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Passengers board a bus from the front door in central Athens, Greece, August 30, 2018. REUTERS/Alkis Konstantinidis(reuters_tickers)
ATHENS (Reuters) - Ticket revenues from buses in the Greek capital surged by up to 25 percent in the past month after the state-run operator clamped down on free riders by only letting passengers get on at the front.
Greek public transport operator OASA previously estimated that one in three bus passengers sneaked in through the back doors and dodged the few inspectors on duty.
"We hadn't been optimistic that it (the front-door entry) would have been fully adopted. But it definitely beat our expectations," said Georgios Glykos, head of the Athens bus operator OSY.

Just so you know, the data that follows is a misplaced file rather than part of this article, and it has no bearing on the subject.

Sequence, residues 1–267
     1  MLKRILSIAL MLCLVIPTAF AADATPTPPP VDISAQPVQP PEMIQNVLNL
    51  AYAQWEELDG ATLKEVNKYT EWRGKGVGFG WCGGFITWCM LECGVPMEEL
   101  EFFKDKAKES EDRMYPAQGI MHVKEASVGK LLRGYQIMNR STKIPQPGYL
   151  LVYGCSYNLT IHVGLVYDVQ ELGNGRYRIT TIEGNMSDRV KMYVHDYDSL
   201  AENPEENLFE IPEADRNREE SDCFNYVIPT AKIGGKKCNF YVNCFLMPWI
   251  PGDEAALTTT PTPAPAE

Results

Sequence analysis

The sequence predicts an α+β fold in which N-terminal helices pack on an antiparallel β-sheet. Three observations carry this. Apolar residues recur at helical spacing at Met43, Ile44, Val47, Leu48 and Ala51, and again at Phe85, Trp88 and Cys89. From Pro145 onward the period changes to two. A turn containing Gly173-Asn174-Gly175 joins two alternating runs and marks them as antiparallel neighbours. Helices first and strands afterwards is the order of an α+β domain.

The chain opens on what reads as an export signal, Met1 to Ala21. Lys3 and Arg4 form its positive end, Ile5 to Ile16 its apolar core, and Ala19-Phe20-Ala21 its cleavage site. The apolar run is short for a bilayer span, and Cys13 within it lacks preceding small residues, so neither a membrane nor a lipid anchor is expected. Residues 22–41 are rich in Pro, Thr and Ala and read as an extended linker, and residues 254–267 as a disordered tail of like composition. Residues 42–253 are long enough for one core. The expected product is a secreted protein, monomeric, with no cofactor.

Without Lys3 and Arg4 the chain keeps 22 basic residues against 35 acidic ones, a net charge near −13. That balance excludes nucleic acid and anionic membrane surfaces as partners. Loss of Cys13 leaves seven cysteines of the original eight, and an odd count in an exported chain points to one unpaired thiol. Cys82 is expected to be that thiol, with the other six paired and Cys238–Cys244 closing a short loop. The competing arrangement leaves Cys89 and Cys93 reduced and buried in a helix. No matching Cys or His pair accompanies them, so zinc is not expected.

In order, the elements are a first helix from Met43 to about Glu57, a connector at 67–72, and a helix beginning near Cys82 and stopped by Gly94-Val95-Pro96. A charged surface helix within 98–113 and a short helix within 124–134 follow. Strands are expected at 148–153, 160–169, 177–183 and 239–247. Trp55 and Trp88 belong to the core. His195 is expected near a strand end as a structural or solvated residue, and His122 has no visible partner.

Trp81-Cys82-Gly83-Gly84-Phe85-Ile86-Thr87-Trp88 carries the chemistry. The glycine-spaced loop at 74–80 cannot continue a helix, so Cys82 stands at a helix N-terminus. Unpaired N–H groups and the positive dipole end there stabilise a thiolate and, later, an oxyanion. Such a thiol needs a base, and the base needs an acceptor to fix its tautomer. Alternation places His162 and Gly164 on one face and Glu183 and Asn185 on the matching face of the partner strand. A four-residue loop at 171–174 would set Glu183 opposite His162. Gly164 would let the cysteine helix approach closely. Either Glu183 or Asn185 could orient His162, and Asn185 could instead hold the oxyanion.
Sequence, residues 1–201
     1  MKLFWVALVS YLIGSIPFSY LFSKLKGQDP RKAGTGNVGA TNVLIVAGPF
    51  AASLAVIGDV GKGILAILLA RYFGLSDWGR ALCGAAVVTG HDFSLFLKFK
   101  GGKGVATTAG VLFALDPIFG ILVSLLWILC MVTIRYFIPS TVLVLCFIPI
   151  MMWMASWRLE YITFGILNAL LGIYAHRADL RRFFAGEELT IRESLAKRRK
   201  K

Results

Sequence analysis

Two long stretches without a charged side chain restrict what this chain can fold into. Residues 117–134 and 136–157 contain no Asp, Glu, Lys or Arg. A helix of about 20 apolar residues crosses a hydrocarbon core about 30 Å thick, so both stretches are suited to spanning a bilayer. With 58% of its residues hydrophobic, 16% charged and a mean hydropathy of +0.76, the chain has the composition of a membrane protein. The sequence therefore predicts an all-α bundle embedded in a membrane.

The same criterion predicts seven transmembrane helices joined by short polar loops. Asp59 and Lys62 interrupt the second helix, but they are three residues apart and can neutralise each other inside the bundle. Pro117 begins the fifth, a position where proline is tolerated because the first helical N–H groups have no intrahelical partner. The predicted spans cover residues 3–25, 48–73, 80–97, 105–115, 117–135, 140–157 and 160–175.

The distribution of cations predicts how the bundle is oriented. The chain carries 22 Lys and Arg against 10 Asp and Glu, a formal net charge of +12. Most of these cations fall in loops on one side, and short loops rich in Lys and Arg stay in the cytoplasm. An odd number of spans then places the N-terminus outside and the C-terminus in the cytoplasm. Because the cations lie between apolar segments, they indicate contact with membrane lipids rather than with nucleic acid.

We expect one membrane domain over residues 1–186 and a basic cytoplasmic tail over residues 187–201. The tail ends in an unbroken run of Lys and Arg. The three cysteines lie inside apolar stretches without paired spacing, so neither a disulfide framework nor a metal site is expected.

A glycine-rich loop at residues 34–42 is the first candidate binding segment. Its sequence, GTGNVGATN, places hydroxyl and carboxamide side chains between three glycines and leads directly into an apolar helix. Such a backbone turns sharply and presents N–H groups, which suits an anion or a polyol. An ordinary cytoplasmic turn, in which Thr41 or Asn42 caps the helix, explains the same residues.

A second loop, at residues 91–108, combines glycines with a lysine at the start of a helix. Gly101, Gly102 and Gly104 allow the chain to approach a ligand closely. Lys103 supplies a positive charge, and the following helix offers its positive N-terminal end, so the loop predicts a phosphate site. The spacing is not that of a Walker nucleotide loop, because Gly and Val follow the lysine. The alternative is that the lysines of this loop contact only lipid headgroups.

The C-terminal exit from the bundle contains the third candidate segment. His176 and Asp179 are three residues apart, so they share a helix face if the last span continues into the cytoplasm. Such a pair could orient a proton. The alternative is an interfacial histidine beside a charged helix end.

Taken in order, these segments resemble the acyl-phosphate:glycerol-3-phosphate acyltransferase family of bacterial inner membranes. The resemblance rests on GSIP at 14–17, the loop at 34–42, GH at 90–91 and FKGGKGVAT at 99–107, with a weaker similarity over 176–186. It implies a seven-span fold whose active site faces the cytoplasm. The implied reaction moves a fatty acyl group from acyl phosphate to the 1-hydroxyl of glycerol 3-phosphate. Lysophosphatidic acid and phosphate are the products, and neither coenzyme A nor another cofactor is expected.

Preliminary results of a survey after front-only access was introduced in July show that 14 percent of passengers still manage to hop on for a free ride, a source from the operator told Reuters.
About a quarter of Athens' 4 million residents use its public transport system every day, statistics show.
(Reporting by Angeliki Koutantou, editing by Andrei Khalip)